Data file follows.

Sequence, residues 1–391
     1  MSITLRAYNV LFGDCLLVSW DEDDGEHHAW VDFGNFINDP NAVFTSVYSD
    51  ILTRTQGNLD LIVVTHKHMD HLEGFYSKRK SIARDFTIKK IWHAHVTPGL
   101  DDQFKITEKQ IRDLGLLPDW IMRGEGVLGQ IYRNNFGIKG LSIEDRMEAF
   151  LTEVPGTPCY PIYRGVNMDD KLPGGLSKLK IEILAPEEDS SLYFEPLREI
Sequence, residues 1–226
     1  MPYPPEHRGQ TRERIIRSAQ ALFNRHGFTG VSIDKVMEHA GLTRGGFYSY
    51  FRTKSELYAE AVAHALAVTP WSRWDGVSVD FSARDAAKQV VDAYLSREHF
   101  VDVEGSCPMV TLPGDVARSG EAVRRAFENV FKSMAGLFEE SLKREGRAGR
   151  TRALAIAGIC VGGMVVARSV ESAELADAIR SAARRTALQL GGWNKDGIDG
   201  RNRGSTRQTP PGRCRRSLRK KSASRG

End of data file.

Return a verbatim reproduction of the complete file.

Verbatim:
Sequence, residues 1–391
     1  MSITLRAYNV LFGDCLLVSW DEDDGEHHAW VDFGNFINDP NAVFTSVYSD
    51  ILTRTQGNLD LIVVTHKHMD HLEGFYSKRK SIARDFTIKK IWHAHVTPGL
   101  DDQFKITEKQ IRDLGLLPDW IMRGEGVLGQ IYRNNFGIKG LSIEDRMEAF
   151  LTEVPGTPCY PIYRGVNMDD KLPGGLSKLK IEILAPEEDS SLYFEPLREI
Sequence, residues 1–226
     1  MPYPPEHRGQ TRERIIRSAQ ALFNRHGFTG VSIDKVMEHA GLTRGGFYSY
    51  FRTKSELYAE AVAHALAVTP WSRWDGVSVD FSARDAAKQV VDAYLSREHF
   101  VDVEGSCPMV TLPGDVARSG EAVRRAFENV FKSMAGLFEE SLKREGRAGR
   151  TRALAIAGIC VGGMVVARSV ESAELADAIR SAARRTALQL GGWNKDGIDG
   201  RNRGSTRQTP PGRCRRSLRK KSASRG